After Bach

Brad Mehldau

After Bach
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After Bach

Brad Mehldau

Nonesuch releases Brad Mehldau’s After Bach on March 9, 2018. The album comprises the pianist/composer’s recordings of four preludes and one fugue from J.S. Bach’s Well-Tempered Clavier, each followed by an “After Bach” piece written by Mehldau and inspired by its WTC mate. The album begins with Mehldau’s own “Before Bach: Benediction” and ends with his “Prayer for Healing.” Pre-orders of After Bach are available now at iTunes and nonesuch.com and include an instant download of the album track “After Bach: Rondo.”

As Mehldau’s label mate Timo Andres says in his After Bach liner note, “As a professional organist, much of Bach’s work took the form of improvisation, and during his lifetime it was the virtuosity and complexity of these improvisations for which he was most admired … Some three centuries after the fact, Brad Mehldau takes up this tradition and applies it to a frustratingly unknowable aspect of Bach’s art.”

Andres continues, “There have always been elements of Mehldau’s style that recall Bach, especially his densely-woven voicing-but he’s not striving to imitate or play dress-up. Rather, After Bach surveys their shared ground as keyboardists, improvisers, and composers, making implicit parallels explicit.”

After Bach originated in a work Mehldau first performed in 2015-commissioned by Carnegie Hall, The Royal Conservatory of Music, The National Concert Hall, and Wigmore Hall-called Three Pieces After Bach.

Review

I come to Brad Mehldau’s latest album After Bach with classical rather than jazz ears. The album is structured around excerpts from Bach’s Well-Tempered Clavier, Books I and II, and each alternate track is composed by Mehldau, literally ‘After Bach’. Glenn Gould’s interpretation of Well-Tempered Clavier is my touchstone, and I reacquainted myself with his recording for the purpose of this review. The impressive thing about Bach’s Well-Tempered Clavier is the way each prelude and fugue demonstrates the individual temperament of each key. For example, the opening C-major prelude is bright and optimistic, and exudes the homely familiarity we associate with that key. Mehldau’s interpretation, Pastorale, displays a similar openness, over which he grafts his jazz-infused chromaticism.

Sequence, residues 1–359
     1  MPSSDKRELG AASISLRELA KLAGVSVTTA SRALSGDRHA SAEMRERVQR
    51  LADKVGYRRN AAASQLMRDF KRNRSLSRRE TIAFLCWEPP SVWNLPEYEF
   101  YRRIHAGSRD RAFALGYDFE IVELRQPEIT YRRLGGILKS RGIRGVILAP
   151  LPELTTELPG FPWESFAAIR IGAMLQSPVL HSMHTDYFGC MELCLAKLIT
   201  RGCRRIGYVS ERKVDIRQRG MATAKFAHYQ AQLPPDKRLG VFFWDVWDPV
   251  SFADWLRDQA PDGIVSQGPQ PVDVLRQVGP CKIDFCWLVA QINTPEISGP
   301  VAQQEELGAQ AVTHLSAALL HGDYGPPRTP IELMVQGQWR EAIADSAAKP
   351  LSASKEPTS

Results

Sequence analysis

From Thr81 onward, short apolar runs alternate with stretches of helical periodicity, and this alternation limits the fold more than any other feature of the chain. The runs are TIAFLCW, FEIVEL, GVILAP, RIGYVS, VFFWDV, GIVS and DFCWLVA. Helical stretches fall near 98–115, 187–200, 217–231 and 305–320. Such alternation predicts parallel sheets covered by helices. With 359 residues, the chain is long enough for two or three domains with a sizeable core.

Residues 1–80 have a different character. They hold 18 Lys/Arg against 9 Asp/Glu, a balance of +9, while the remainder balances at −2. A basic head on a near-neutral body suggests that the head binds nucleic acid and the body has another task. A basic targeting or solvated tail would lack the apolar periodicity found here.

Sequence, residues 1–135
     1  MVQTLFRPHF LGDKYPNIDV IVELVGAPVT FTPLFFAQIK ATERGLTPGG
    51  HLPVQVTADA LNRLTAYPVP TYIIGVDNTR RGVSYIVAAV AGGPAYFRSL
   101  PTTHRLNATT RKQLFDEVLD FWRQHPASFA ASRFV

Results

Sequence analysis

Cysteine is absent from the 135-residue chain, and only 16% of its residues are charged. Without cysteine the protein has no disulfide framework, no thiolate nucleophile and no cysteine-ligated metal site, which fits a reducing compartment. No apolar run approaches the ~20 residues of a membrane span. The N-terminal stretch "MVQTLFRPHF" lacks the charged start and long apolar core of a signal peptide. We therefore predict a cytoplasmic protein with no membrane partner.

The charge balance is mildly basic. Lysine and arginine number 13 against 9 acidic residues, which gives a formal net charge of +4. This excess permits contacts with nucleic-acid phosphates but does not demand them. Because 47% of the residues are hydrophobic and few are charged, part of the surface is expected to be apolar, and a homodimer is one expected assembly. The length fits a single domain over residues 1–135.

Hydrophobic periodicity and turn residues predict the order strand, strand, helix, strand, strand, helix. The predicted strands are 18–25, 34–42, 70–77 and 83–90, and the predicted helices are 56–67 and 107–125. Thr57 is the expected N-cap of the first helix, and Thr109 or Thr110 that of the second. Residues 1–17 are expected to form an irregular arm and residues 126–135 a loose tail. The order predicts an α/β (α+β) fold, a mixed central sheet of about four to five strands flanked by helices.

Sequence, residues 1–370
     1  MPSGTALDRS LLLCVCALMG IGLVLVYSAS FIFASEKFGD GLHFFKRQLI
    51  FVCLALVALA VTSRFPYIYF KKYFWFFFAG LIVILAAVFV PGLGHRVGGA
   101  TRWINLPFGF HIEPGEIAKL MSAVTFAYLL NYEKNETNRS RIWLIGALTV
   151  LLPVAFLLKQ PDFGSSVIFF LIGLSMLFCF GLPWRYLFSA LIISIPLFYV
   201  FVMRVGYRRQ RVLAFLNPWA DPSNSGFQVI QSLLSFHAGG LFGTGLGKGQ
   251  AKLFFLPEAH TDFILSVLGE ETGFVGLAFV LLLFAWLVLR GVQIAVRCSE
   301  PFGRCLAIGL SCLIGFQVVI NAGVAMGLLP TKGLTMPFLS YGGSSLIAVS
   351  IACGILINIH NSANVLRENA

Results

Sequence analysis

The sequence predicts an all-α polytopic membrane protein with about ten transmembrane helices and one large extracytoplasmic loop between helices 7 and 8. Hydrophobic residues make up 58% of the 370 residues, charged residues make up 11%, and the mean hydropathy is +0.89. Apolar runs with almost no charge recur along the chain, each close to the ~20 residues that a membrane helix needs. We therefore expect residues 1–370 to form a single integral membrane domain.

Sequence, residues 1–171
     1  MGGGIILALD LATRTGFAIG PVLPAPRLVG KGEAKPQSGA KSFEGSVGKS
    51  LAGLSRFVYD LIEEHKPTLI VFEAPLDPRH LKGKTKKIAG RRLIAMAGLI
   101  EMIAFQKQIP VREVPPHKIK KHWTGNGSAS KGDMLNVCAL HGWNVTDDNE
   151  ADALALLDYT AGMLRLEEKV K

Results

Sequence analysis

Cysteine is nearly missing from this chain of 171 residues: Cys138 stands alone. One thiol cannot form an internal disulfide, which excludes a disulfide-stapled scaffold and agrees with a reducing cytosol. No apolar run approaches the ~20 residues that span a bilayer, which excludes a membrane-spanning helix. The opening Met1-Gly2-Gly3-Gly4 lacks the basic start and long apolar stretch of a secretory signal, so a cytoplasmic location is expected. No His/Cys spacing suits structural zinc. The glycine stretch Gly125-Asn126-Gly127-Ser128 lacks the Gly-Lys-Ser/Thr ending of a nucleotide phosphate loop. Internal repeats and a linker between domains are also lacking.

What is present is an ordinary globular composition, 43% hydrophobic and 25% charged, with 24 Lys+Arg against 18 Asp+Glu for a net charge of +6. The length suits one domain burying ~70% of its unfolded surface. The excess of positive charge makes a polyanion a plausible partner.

Such is Mehldau’s technical assurance that I was surprised to discover that his background is not, in fact, in classical music. His Bach is crisp and precise, and he does well to differentiate the distinct voices in movements such as the G-minor fugue. His own compositions segue cleanly into the Bach, much in the way that Bach’s own preludes and fugues are designed to transition into each subsequent key. After Bach is meditative and hypnotic, and will appeal to jazz and classical listeners alike.


Alexandra Mathew is a classical music specialist at Readings Carlton.

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